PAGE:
Good news about bladder cancer, and related stuff!

Last week and this week the news (and my attitude) has gotten better.

Last week I got news that the latest CT scan showed that my carcinoid tumor was stable (still there, not growing, not shrinking).

Last week the Foley catheter was removed.  What a relief!  The two weeks wearing that was more unremittingly uncomfortable than any two weeks after surgery and other medical procedures that I have ever experienced.

After the Foley was removed, I did have to self-catheterize four times a day until yesterday.  Not pleasant but much better than the Foley. Yesterday, I was allowed to stop because it just was not needed.

Today, I was checked for bladder cancer and none was found.  I will be checked again in three months.  Because of my success with the catheters and no bladder cancer, we will not do prostate surgery at this time.  Wow! Yeah!  I have had more dates with the surgeon’s knife than I care for.  I could wait a long time for another surgery and not miss it.  I will have to keep a catheter kit with me in case of problems again but that is no problem.

May we all have the best possible outcomes,

Cy

Digiprove sealCopyright secured by Digiprove © 2014 Cyril Ball

CT Scan shows Carcinoid Tumor is stable

I wrote last month that the blood tests showed very low marker values.  Today I got the news that the CT Scan I had last week shows that the carcinoid tumor is stable.

This is very good news.

Hopefully I can now deal with the prostate issue.  Surgery is not scheduled yet but I hope to have it this month so that I will be healed enough to take our scheduled trip to Scotland (grandbaby!) next month.  This week, I get trained to self-catheterize.  Growing old is not for the faint of heart.

Namaste,

Cy

Digiprove sealCopyright secured by Digiprove © 2014 Cyril Ball

Again?

This is not about cancer but it is about other health issues old men have.

On last Friday, August 22, I was fishing with a friend in the Colorado mountains and had severe abdominal pain. Went to the Emergency Room in Frisco.  I had been unable to urinate much for more than a day.   They catheretized me and told me to see my regular doctor on Monday to have the catheter removed.  They thought that it was an infection and gave me antibiotics.

On Monday, I saw my doc and he removed the catheter and tested that I could urinate.  All seemed well.  But, Tuesday morning I was again in a hospital ER in the worst pain I’ve ever had (hard to believe given my history).   Again my bladder was full and I couldn’t urinate.  Again, a catheter was inserted and I was told I had to keep it in until I talk to my urologist.  By late afternoon I had talked to urologist and was told that it my prostate.  I have had BPH (Benign Prostate Hyperplasia) better known as an enlarged prostate for over 20 years. Most men have it at least mildly by the time they are 80.  I’m just lucky, I guess.  It has been treated with drugs successfully…  No longer.  I have run out of drug options.  My options are either surgery or wear a catheter for the rest of my life.  A catheter is uncomfortable at times (perhaps more for men than women).  I’m told you never really get used to it.  There can be negative effects from surgery (no surprise there).

I will go for surgery. It will not happen until at least mid-September because of doctor’s schedule and I am not dying or in extreme pain for now.

Unfortunately, I am forced to cancel next week’s fishing and camping with best friends in Wyoming.  It’s too isolated and too rough for me with this problem.  I have told the doctor that I want to be healed enough to go on a planned trip to Scotland in October to see grandson, son and daughter-in-law.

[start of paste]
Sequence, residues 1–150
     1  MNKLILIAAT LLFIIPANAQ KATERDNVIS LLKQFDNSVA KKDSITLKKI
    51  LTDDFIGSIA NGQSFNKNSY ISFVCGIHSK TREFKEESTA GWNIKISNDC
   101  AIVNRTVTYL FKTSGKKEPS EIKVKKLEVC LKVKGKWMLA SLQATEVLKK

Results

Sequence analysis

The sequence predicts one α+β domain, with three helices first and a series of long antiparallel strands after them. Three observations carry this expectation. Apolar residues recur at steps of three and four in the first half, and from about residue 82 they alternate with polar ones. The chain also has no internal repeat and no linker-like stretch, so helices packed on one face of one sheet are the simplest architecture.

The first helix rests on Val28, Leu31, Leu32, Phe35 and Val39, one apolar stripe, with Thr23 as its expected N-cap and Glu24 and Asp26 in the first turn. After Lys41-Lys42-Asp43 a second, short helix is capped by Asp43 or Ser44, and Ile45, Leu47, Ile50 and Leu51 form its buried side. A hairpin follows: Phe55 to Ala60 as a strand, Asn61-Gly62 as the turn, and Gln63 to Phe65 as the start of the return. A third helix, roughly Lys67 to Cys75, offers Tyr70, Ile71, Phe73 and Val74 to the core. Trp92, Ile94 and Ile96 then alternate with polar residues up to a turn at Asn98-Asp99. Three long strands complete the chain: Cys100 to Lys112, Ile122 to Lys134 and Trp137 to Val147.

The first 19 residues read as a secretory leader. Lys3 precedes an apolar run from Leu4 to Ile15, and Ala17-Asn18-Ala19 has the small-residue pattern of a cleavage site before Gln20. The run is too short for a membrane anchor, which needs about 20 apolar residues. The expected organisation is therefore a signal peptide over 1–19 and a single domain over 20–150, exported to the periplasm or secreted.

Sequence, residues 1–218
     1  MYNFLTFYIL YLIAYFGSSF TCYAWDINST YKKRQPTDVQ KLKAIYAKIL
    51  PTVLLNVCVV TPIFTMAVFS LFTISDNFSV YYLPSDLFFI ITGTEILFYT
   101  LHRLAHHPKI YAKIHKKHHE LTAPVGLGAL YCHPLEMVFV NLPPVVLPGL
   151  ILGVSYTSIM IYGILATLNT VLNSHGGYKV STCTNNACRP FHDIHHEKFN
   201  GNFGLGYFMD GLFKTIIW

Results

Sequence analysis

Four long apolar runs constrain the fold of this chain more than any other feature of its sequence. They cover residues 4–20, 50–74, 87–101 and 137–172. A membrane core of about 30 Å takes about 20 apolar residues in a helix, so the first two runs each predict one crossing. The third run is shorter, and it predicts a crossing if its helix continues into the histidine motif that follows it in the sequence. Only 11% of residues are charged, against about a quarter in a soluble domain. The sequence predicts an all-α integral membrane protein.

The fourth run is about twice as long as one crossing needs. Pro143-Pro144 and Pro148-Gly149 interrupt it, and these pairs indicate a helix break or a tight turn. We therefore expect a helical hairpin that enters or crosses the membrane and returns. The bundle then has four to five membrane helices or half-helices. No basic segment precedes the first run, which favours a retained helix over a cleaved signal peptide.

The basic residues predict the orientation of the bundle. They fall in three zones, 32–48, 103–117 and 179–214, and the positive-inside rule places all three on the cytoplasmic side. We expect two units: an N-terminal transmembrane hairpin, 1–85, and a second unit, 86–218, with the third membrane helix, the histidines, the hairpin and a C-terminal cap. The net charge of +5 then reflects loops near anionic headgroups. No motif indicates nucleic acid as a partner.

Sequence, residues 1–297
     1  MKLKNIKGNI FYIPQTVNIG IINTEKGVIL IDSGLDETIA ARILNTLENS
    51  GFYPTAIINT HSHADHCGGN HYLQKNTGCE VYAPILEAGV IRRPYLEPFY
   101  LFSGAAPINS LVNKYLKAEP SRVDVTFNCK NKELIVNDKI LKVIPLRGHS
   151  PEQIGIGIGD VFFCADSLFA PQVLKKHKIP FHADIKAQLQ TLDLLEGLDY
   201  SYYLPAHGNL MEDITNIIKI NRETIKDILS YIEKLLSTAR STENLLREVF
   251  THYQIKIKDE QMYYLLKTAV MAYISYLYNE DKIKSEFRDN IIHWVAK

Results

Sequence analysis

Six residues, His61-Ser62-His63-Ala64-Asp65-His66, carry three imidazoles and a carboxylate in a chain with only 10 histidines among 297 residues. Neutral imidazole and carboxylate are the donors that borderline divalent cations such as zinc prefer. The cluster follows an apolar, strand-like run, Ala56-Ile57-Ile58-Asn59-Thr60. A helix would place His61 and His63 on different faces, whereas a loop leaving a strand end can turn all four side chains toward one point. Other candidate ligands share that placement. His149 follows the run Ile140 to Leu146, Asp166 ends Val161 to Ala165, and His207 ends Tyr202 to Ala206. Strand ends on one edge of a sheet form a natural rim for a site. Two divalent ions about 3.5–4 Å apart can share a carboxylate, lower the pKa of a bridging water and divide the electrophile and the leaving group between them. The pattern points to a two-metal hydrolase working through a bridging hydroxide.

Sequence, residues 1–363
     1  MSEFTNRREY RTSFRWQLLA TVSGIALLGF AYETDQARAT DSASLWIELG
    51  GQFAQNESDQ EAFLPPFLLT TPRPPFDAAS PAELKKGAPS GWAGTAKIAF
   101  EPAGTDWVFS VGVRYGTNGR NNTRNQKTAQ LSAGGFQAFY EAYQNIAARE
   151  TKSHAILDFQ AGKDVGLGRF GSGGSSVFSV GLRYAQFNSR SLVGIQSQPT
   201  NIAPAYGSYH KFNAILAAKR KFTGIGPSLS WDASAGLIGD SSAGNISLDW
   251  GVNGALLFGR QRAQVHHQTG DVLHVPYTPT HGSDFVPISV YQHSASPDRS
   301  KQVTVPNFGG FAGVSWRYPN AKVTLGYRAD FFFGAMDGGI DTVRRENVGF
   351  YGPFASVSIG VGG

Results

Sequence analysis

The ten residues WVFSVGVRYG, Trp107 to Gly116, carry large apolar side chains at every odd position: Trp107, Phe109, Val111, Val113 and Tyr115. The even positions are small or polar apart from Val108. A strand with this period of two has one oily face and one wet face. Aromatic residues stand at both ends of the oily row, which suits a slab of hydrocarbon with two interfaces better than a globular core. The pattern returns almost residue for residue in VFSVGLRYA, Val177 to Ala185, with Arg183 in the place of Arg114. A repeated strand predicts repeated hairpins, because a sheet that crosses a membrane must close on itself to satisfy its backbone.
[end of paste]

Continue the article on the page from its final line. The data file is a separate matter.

Buddhists talk a lot about impermanence.  All of existence will change and is always changing.  Suffering is not just pain.  Suffering is clinging or attachment to things that will change and will cause us pain.  None of us can avoid pain.  We can avoid suffering by not clinging to the conditions of existence that will/must go away.  My body is teaching impermanence.  Aging is an obvious instance of impermanence.  Can I minimize the mental/emotional suffering of this?  Maybe I will be able to tell you in the future.

Namaste (I bow to the divine in you),

Cy

Digiprove sealCopyright secured by Digiprove © 2014 Cyril Ball

New Carcinoid Tumor Marker Results.

I have gotten my blood test markers back for this quarter. Seratonin, chromogranin A and gastrin are all very low. In fact chromogranin A and seratonin are below the normal range! A few months ago, a PA in oncology told me that he had never seen them this low in a patient!  These markers are tests to see if the disease is progressing/changing.  When I was first diagnosed, seratonin was 7 times higher than it should be. Chromogranin A was 3 times too high. Gastrin was 50% too high.

The numbers have been low since 14 months ago when half my liver with a 6.3 cm tumor was removed. Before the surgery the numbers were in the high-normal and sometimes high range and I was feeling ill.  Obviously the tumor was generating a lot of crap into my blood stream! I felt better than I had felt in years just a day after the 5.5 hour surgery. I still feel great although the diarrhea happens occasionally, usually triggered by some food or activity. 

The next thing will be a CT scan which is scheduled every 6 months.

In the meantime, I continue to feel well.  Night sweats and evening chills occur a few times a month as the monthly injections wear off.  The symptomatic diarrhea happens a few times a month, probably triggered by something I eat or do.  I can live with that!

I am fishing a bit more this year. Meditating, going to AA meetings, Working on music and youtube tutorials.  Laurie and I have been to Mesa Verde to see the cliff dwellings again.  All good stuff.  I did not know how bad I felt, how depressed, until after the surgery.